As the rain and the snow come down from heaven, and do not return there          until they have watered the earth, making it bring forth and sprout, giving     seed to the sower and bread to the eater, so shall my word be that goes out          from my mouth; it shall not return to me empty, but it shall accomplish that           which I purpose, and succeed in the thing for which I sent it. This is the Word of God which the sower sows,             which falls, like rain, on all types of soil. In his explanation of the parable,  Jesus describes the different types of soil the word encounters. He describes the ways the seed does not take hold,             or takes hold but then is smothered or neglected. Finally, he turns to the good soil – perhaps the disciples themselves -                 those who receive the word, and understand, and bear fruit. This is an important thing for Jesus to address at this time in his ministry. He has been engaged in ministry among the people for some time,             teaching, healing, casting out demons, and instead of great success, he is meeting great resistance. Chapter 12 of Matthew’s gospel is full of stories of the increasing animosity the religious leaders feel toward Jesus. It is the first time they contemplate violence against him. So this parable, and its explanation, offer an explanation of what is happening. It is not that his ministry is wrong. It is not the Word that is ineffective. But some soils – some people – are not able to receive it. At this point, many sermons and lessons on the parable of the sower turn to us with the exhortation to “be good soil.” Clear our hearts and minds and prepare a place for the word to take root. And that is not a bad message. But what if Jesus’s explanation is more descriptive than prescriptive. Simply pointing out that people’s expectations or  preconceived notions about God and the kingdom can prevent them from hearing. What might that look like for us, today? David Lose points out that “life is busy and complex and most of us come to Sunday a little bit ragged at the edges.” The demands of work, parenting, caring for aging parents, supporting good causes and just keeping up with the ever-increasing demands of life –             all good things, worth doing!  –             may make us feel like soil choked with weeds or cluttered with rocks.   Yet God sows The Logos – the eternal, creative word of God –             still offers new life. The Logos – the Word of God incarnate in Jesus Christ –             still loves us and seeks us and invites us to follow.  We might pray, Lord, let my heart be good soil –             let me clear my mind of distractions for a little while so I may hear you –             let me make space to worship and read and study Scripture. But we might also pray –             Thank you, God, for scattering your seed – your word – your grace and love –             with such abandon. Thank you for tossing seed my way, even when I’m barely paying attention. Thank you for blessing me, and seeking me, and loving me, no matter what. The parable of the sower describes a God of abundance. A God who never gives up, never stops scattering blessings and grace. It invites us to trust in a God whose Word does not come back empty,             but offers transformation and new life in our rockiest places. And perhaps this story invites us also to be sowers. To be extravagant in the ways we share God’s grace,             in words of love and acts of generosity. It invites us to give witness to what we know of God and God’s abundance,             to share what we have experienced of God’s grace and blessing. It invites us to scatter that blessing, not carefully, in prepared soil, in places we can define and control,             but with abandon – trusting the seed – the Logos – to do its proper work. Carolyn Metzler and I were discussing this parable, and she remembered a line from a poem by T. S. Eliot: take no thought of the harvest, but only of proper sowing. I am going to end by sharing some excerpts from this amazing poem,             Choruses from the Rock. I offer these not as clarifying illustrations, but as contemporary parable –             to make us think, and offer new perspectives on sowing.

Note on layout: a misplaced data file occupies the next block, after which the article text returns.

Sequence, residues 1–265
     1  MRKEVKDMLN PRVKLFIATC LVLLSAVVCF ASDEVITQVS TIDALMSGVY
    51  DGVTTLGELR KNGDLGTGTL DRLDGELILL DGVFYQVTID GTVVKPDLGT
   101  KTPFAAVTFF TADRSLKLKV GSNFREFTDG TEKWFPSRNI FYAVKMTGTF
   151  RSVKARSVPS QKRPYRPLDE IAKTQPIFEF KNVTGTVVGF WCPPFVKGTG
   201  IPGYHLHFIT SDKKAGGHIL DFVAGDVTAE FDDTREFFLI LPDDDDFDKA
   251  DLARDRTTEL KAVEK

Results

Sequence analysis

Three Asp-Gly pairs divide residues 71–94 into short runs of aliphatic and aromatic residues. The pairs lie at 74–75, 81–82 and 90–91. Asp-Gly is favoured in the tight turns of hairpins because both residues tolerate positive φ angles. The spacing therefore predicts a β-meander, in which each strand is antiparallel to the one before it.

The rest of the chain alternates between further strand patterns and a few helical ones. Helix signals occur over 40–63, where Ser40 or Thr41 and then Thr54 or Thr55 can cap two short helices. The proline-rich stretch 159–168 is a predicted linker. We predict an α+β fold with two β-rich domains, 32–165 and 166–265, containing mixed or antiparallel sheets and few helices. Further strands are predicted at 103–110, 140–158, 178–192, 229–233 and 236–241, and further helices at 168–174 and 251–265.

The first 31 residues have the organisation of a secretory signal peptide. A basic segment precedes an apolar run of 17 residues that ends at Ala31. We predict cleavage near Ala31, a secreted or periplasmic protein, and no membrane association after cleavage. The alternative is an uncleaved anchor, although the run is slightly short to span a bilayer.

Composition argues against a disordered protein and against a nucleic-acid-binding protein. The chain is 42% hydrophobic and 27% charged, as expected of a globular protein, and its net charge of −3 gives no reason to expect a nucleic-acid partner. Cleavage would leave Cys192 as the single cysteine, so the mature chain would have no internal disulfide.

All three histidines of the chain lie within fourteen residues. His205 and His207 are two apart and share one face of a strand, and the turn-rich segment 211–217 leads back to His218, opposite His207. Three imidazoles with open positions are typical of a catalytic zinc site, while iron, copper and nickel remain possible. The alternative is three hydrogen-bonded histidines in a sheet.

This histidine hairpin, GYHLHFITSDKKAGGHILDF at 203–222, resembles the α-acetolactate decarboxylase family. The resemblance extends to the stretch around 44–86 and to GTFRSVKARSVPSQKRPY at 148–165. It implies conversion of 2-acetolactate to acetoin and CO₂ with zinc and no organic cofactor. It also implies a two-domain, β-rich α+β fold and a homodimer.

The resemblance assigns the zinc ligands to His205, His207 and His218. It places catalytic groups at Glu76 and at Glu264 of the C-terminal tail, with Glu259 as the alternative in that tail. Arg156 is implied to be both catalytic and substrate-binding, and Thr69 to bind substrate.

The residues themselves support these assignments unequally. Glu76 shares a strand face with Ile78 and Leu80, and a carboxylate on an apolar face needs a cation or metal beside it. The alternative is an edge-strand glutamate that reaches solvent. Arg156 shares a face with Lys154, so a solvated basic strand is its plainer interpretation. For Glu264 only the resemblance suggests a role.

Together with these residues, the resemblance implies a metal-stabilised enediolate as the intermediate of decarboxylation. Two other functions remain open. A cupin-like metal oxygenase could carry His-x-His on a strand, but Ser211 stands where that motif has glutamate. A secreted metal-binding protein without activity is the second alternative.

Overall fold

All men are ready to invest their money But most expect dividends I say to you: Make perfect your will. I say: take no thought of the harvest, But only of proper sowing. In the vacant places We will build with new bricks There are hands and machines And clay for new brick And lime for new mortar Where bricks are fallen We will build with new stone Where the beams are rotten We will build with new timbers Where the word is unspoken We will build with new speech There is work together A Church for all And a job for each Every man to his work. Lord, shall we not bring these gifts to Your service? Shall we not bring to Your service all our powers For life, for dignity, grace and order, And intellectual pleasures and senses? The Lord who created must wish us to create And employ our creation again in His service Which is already his service in creating.
Listen! A sower went out to sow . . .             and invites us all to be sowers as well.  Thanks be to God. Amen St. Michael and All Angels Episcopal Church Albuquerque, NM

About this blog